Billie Jean King Rallies Against American Museum of Natural History Expansion

Billie Jean King Rallies Against American Museum of Natural History Expansion

Tennis legend Billie Jean King joined protesters at the American Museum of Natural History Saturday morning to rally against the construction of the Richard Gilder Center for Science, Education and Innovation — a project that would expand the museum’s education and exhibition facilities along with its footprint on Theodore Roosevelt Park.

Those who oppose the $383 million development argue that the construction of the Gilder Center will intrude on the 17.58-acre public park, eliminate trees and cause environmental disruption near the building site. The new facility will increase the museum’s total land-use by a quarter of an acre.

“I don’t want to see this happen because we use the park,” said King at the rally. “They’re going to take trees down. These trees, some of them are over 100 years old. We don’t want that to happen. We want to save the park.”

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When asked about the protesters’ environmental concerns, a spokesperson from the museum told ALL ARTS that “while seven trees will be removed as part of the project, 22 new trees will be planted once construction is completed and the amount of publicly accessible open space in the Theodore Roosevelt Park will be increased.”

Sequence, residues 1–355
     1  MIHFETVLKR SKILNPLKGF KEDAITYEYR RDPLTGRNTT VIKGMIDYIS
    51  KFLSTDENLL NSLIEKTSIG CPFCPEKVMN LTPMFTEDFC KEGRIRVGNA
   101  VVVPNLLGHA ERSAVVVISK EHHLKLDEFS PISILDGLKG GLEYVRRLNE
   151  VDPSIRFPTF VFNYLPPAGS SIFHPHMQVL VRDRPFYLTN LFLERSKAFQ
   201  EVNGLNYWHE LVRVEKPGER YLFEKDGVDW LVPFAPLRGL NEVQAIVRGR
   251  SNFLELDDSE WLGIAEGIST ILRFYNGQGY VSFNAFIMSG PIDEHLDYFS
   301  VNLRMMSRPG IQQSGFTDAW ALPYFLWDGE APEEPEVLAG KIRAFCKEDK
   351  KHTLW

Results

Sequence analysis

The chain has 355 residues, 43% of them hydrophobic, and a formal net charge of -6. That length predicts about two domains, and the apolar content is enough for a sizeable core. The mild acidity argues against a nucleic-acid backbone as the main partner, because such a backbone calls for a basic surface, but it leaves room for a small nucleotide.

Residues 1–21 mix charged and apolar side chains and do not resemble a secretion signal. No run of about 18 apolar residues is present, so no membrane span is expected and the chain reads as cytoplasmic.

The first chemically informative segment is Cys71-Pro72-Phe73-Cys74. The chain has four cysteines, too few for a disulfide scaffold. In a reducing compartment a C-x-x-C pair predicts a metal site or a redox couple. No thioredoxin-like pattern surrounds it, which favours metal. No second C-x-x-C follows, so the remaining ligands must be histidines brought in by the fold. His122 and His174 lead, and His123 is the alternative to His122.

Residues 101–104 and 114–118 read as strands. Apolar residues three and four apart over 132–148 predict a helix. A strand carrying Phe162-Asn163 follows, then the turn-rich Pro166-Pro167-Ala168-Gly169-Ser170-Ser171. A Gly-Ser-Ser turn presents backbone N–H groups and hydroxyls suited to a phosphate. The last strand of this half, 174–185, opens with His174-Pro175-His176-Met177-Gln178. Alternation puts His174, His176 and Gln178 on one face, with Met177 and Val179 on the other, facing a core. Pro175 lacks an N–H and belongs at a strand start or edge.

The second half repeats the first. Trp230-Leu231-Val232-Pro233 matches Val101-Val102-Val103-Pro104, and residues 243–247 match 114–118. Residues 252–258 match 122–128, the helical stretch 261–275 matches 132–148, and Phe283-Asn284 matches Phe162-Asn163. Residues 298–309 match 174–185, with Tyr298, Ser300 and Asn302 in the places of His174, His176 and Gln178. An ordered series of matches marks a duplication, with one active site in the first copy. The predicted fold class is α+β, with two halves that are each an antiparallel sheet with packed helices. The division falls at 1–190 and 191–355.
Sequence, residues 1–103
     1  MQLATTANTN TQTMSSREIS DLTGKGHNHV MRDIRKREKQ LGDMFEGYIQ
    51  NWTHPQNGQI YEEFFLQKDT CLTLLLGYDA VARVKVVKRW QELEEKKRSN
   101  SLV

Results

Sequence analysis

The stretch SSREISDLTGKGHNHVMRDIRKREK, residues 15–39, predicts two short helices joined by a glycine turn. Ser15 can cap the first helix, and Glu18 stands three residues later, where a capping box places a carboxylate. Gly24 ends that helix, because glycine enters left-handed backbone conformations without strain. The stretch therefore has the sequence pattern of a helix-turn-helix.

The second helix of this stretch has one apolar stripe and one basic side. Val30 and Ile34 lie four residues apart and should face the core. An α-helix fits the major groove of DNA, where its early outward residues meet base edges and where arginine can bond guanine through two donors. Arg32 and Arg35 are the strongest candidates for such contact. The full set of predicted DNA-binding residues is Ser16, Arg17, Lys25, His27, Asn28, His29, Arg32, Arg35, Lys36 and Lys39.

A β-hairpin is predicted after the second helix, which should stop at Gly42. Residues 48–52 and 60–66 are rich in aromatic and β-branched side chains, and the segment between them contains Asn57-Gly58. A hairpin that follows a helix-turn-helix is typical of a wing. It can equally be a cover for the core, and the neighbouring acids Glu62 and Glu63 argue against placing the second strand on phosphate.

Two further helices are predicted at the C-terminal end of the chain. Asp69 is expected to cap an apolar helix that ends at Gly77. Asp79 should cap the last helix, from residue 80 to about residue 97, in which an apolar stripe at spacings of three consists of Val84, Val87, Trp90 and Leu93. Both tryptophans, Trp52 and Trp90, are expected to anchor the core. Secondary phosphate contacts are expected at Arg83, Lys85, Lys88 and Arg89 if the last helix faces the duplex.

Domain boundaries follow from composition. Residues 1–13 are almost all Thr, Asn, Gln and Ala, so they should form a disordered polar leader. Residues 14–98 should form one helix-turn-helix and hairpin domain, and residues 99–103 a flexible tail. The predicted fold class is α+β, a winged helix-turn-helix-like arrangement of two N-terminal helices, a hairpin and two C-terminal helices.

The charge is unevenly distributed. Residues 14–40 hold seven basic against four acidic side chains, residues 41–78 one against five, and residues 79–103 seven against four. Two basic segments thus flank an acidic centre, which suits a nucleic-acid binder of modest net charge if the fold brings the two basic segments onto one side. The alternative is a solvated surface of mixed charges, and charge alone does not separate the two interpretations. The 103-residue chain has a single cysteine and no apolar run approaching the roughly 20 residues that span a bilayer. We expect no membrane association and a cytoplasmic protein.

Saturday’s rally adds to ongoing action taken against the project. On Dec. 10, Judge Lynn Kotler dismissed a lawsuit brought by the rally’s organizing party, the Community United to Protect Theodore Roosevelt Park (CU), which claimed that the museum did not have the right to build in a public park.

The group, represented by land-use lawyer Michael Hiller, responded to the court’s decision by filing a notice of appeal, to which the court granted an interim stay that prohibits the museum from conducting exterior work, including the removal of trees, until an official appeal decision is reached — though preparatory work inside of the museum continues.

The museum announced plans for the Gilder Center project expansion in 2014, citing the museum’s growing attendance — up from three million annually to five million — and the public’s increased interest in educational programming. The resulting proposal, designed by Studio Gang, imagines the Gilder Center as a connective tissue that will improve visitor flow through the museum’s various facilities while serving as a learning center and public exhibition space.

“The Gilder Center for Science, Education and Innovation will be a major new resource for science education for all New Yorkers and visitors from around the world,” said the museum in a statement. “The inherent value of this project is reflected in the broad public support it has received from numerous elected officials, neighborhood groups, and advocacy organizations. We have every expectation that the appellate court will affirm the Supreme Court decision.”

UPDATE: On Tuesday, Feb. 5, the appellate court lifted the interim stay on the Gilder Center Project, allowing the museum to proceed with all work.

Top Image: Dinosaur at the American Museum of Natural History.